"I never think of the future.  It comes soon enough."--Albert Einstein

jacy85

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Re: My Savior Duckasouras
« Reply #4 on: February 05, 2006, 06:42:26 PM »
J D answered the question you asked.  You can't practice law if you don't pass the bar.  It follows that if you're not even elegible to sit for the bar, you won't be able to practice law.  Which is why I wondered if you wanted to use it for business or something that isn't "practicing."

Bobo

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Re: My Savior Duckasouras
« Reply #5 on: February 05, 2006, 07:43:32 PM »
As you can see from my earlier post I am not a traditional law student. My reasons are varied and not at all driven by the desire to practice big money law. What makes you think someone getting their law degree online could not practice anyway? I already have offers of employment from people who know me and what I am capable of. Sure they don't know anyone who has done their law degree online, but neither do I. The key here is that they know me and would welcome me as an attorney when the time comes. I am not leaving my airline job until I reach 60, so if they don't mind hiring me then, maybe I'll think about it.

Just curious (i.e. not trying to be confrontational), but why would you want to go through the trouble of going to law school (whethere it is ABA approved or not) just because you may or may not practice law when you turn 60?  I assume that the degree will add little value to your current job as a pilot, and there is a chance that you might not pass the bar (assuming you live in one of the handful of states that allow one to sit for the bar with a non-ABA degree).  Plus, you will have to be paying bar fees for all those years that you aren't practicing (the other option would be to take the bar when you are 60, but that could be decades after you graduate since I am assuming you won't be 60 for a while).  I just don't see the sense in it.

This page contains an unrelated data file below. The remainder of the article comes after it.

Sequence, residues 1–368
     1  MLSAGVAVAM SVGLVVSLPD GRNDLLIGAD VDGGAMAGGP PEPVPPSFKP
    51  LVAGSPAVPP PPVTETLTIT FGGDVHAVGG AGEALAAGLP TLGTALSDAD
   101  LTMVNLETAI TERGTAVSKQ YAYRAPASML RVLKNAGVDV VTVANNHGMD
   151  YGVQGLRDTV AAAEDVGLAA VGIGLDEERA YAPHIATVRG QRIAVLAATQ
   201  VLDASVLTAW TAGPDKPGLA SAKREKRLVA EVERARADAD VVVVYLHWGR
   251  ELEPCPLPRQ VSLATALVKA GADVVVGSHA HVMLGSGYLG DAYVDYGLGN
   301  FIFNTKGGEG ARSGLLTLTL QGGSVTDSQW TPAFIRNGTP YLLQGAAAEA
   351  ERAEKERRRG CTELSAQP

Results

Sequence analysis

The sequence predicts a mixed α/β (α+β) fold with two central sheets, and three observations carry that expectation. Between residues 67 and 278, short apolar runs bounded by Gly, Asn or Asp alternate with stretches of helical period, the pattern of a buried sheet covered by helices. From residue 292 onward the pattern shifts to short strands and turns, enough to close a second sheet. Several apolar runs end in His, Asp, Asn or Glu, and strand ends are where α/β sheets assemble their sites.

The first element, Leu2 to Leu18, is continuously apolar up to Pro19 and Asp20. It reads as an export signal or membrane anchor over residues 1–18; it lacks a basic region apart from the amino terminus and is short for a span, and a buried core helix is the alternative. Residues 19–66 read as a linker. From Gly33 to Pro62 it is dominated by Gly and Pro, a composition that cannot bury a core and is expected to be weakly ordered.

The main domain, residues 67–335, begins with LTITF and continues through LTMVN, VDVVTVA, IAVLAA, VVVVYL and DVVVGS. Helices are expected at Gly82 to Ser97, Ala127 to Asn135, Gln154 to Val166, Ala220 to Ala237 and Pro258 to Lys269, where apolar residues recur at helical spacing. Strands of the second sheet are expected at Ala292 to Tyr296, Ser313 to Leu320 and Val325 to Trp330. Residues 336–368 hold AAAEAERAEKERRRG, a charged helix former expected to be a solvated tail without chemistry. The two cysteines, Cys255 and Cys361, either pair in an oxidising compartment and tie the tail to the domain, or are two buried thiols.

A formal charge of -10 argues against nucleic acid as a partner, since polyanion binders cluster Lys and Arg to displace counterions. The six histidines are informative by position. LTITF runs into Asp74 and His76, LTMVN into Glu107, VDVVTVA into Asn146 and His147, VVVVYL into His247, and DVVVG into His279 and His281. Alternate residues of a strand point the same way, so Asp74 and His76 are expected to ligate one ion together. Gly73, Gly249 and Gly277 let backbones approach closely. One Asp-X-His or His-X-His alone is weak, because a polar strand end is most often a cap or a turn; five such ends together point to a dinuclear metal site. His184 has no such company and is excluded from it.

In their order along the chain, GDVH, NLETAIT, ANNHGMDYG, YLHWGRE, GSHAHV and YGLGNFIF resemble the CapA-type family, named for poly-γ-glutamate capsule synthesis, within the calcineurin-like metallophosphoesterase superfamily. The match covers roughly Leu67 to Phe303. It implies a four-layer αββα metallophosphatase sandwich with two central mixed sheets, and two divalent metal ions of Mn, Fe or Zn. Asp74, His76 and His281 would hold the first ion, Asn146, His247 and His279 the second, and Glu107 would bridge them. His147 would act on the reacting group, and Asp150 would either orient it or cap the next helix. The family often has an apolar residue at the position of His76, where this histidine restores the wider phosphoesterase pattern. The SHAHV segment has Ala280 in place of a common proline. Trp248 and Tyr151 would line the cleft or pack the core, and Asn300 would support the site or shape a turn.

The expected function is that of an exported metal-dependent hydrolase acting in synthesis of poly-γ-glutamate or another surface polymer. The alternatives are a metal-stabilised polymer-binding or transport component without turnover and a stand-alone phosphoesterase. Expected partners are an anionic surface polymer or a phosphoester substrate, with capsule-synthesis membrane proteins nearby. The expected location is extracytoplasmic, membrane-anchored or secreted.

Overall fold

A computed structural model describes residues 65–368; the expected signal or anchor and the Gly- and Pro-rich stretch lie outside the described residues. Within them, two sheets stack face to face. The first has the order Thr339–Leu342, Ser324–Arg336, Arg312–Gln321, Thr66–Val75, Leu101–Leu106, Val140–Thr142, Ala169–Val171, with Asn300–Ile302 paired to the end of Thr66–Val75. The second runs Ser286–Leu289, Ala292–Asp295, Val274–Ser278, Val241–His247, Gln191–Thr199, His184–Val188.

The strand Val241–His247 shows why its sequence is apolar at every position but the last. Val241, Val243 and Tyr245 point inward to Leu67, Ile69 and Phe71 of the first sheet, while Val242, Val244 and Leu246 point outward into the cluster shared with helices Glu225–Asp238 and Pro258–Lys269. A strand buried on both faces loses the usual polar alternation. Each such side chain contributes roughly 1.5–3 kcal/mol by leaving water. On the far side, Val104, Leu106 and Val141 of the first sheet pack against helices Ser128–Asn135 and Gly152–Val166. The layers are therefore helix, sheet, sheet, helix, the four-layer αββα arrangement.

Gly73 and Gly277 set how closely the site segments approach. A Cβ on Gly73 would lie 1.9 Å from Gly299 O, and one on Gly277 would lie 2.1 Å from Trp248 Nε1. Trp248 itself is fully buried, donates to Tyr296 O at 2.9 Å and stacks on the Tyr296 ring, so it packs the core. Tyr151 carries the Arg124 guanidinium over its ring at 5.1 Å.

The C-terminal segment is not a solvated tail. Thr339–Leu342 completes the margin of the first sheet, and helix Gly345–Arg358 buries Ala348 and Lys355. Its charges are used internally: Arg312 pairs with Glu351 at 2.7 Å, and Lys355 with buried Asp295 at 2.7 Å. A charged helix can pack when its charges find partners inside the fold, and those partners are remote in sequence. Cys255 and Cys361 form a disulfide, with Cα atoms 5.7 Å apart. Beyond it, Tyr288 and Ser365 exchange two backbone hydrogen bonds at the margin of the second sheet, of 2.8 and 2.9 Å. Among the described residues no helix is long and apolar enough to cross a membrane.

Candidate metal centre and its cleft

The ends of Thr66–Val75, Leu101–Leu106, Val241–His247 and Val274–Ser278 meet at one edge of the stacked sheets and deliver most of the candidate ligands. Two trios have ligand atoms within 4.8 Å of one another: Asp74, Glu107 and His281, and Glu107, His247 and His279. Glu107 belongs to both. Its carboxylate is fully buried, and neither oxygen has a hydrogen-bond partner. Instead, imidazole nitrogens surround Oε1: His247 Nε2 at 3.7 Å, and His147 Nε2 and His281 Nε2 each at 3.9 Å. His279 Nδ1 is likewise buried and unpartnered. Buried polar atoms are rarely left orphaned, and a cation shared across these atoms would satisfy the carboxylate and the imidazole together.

aloha737pilot

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Re: My Savior Duckasouras
« Reply #6 on: February 06, 2006, 02:08:48 AM »
I think I have a different reason for wanting to study law than traditonal law students. It may also help that the veterans administration is going to pay for the JD I am undertaking. Now check to see what online JD's are approved for veterans benefits, and you have me nailed down. I would not be able to study law otherwise for a number of reasons. I work full time, and the only law school in our state does not have a part time program. I am with a company that has just gone through chapter 11 and is now emerging as a totally changed entity. I want to be in the process instead of on the outside looking in. I simply want to educate myself.

duckasourus

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Re: My Savior Duckasouras
« Reply #7 on: February 06, 2006, 05:31:37 PM »
Being a pilot is a very important job. It is one that can not, and should not be preformed by everyone. You take offense to the statement that online law schools are substandard, but wouldn't you be equally alarmed if I purposed to get my commercial pilots license on the internet. Just as it is important that a pilot be properly trained, the same is true with an attorney.